r curd was dissolved in 6 hrs. and still more completely in 8 hrs. These leaves re-expanded after two days, and the viscid fluid left on their discs was then carefully scraped off and examined. It seemed at first sight as if all the casein had not been dissolved, for a little matter was left which appeared of a whitish colour by reflected light. But this matter, when examined under a high power, and when compared with a minute drop of skimmed milk coagulated by acetic acid, was seen to consist exclusively of oil-globules, more or less aggregated together, with no trace of casein. As I was not familiar with the microscopical appearance of milk, I asked Dr. Lauder Brunton to examine the slides, and he tested the globules with ether, and found that they were dissolved. We may, therefore, conclude that the secretion quickly dissolves casein, in the state in which it exists in milk.

Chemically Prepared Casein.--This substance, which

* 'Leons,' &c. tom. ii. page 151. [page 115]

is insoluble in water, is supposed by many chemists to differ from the casein of fresh milk. I procured some, consisting of hard globules, from Messrs. Hopkins and Williams, and tried many experiments with it. Small particles and the powder, both in a dry state and moistened with water, caused the leaves on which they were placed to be inflected very slowly, generally not until two days had elapsed. Other particles, wetted with weak hydrochloric acid (one part to 437 of water) acted in a single day, as did some casein freshly prepared for me by Dr. Moore. The tentacles commonly remained inflected for from seven to nine days; and during the whole of this time the secretion was strongly acid. Even on the eleventh day some secretion left on the disc of a fully re-expanded leaf was strongly acid. The acid seems to be secreted quickly, for in one case the secretion from the discal glands, on which a little powdered casein had been strewed, coloured litmus paper, before any of the exterior tentacles were inflected.

Small cubes of hard casein, moistened with water, were placed on two leaves; after three days one cube had its angles a little rounded, and after seven days both consisted of rounded softened masses, in the midst of much viscid and acid secretion; but it must not be inferred from this fact that the angles were dissolved, for cubes immersed in water were similarly acted on. After nine days these leaves began to re-expand, but in this and other cases the casein did not appear, as far as could be judged by the eye, much, if at all, reduced in bulk. According to Hoppe-Seyler and Lubavin* casein consists of an albuminous, with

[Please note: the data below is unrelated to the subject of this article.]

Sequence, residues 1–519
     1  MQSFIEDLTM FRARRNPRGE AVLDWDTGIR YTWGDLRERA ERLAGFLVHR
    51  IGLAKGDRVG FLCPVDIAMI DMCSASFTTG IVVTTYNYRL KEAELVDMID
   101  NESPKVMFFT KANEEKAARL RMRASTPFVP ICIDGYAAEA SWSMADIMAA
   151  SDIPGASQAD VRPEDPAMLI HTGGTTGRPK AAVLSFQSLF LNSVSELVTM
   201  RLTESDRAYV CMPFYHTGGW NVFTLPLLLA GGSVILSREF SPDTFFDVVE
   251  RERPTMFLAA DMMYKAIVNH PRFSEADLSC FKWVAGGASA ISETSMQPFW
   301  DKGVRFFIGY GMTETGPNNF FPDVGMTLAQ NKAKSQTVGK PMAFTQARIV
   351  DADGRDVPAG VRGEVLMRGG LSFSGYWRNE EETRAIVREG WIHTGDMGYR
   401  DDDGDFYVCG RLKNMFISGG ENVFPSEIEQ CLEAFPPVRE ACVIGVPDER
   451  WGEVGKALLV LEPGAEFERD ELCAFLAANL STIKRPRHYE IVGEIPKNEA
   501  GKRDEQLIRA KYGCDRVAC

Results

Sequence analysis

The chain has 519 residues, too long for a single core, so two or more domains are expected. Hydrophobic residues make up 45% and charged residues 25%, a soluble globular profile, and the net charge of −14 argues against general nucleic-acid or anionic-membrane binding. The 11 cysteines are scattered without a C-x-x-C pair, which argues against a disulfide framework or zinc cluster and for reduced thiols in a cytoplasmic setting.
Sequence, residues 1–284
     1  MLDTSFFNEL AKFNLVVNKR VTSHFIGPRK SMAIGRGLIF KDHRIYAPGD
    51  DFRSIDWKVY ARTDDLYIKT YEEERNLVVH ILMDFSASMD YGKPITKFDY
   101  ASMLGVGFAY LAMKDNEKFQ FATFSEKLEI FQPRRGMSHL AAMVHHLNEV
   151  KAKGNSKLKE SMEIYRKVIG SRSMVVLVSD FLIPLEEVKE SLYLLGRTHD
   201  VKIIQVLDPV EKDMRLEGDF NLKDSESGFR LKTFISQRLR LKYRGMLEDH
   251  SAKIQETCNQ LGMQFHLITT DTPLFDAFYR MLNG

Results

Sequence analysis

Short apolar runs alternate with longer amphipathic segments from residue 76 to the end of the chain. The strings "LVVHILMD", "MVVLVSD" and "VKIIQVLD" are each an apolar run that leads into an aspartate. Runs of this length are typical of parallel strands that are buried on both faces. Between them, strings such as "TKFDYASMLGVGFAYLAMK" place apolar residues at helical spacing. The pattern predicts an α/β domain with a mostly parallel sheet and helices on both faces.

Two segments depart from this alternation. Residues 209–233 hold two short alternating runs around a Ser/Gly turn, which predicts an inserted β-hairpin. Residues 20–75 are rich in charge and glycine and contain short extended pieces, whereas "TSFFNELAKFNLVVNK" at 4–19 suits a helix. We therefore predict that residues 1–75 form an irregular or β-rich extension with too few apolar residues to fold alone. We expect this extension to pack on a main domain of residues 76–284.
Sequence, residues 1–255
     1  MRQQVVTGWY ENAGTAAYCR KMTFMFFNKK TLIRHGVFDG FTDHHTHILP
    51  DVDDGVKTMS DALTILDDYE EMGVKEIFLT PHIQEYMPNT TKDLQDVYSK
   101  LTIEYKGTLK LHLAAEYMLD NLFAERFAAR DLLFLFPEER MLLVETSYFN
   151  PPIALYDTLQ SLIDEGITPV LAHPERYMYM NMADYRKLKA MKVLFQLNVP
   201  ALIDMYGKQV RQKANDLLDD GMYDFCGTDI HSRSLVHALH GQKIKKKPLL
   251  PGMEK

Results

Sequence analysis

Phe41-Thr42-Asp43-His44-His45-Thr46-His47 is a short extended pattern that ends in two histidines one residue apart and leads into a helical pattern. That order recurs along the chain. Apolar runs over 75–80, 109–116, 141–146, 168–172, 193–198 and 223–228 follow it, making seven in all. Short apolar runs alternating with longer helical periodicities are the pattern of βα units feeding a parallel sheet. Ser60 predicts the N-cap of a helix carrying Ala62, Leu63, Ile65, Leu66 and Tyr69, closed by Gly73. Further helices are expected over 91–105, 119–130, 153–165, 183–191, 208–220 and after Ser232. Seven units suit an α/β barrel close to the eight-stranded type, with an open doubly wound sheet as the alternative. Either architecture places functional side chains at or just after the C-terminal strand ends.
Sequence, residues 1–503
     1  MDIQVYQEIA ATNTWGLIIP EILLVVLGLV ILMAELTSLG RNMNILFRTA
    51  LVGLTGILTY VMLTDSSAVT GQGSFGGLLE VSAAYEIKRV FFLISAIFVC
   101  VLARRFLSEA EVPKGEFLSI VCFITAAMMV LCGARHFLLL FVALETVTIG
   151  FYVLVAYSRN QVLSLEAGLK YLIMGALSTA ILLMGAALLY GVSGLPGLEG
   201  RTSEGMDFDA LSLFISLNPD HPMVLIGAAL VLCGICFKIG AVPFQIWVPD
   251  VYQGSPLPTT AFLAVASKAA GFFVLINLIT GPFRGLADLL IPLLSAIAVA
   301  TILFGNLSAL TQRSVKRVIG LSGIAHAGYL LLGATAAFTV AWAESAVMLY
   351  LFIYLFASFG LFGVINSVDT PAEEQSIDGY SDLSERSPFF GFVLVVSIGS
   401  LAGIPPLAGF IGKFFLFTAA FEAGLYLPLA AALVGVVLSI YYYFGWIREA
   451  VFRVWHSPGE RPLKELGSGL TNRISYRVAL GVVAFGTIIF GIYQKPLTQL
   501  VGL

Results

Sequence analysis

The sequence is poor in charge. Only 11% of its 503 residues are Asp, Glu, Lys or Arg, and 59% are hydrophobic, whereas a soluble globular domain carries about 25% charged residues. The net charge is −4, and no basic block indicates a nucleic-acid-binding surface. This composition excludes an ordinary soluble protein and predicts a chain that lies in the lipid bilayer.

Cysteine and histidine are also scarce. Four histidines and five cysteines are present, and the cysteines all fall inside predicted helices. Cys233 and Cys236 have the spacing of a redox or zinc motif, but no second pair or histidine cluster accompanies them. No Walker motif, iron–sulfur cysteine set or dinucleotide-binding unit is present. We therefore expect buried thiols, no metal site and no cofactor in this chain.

* Dr. Lauder Brunton, 'Handbook for Phys. Lab.' p. 529. [page 116]

a non-albuminous, substance; and the absorption of a very small quantity of the former would excite the leaves, and yet not decrease the casein to a perceptible degree. Schiff asserts*--and this is an important fact for us--that "la casine purifie des chemistes est un corps presque compltement inattaquable par le suc gastrique." So that here we have another point of accordance between the secretion of Drosera and gastric juice, as both act so differently on the fresh casein of milk, and on that prepared by chemists.

A few trials were made with cheese; cubes of 1/20 of an inch (1.27 mm.) were placed on four leaves, and these after one or two days became well inflected, their glands pouring forth much acid secretion. After five days they began to re-expand, but one died, and some of the glands on the other leaves were injured. Judging by the eye, the softened and subsided masses of cheese, left on the discs, were very little or not at all reduced in bulk. We may, however, infer from the time during which the tentacles remained inflected,--from the changed colour of some of the glands,--and from the injury done to others, that matter had been absorbed from the cheese.

Legumin.--I did not procure this substance in a separate state; but there can hardly be a doubt that it would be easily digested, judging from the powerful effect produced by drops of a decoction of green peas, as described in the last chapter.

Charles Darwin

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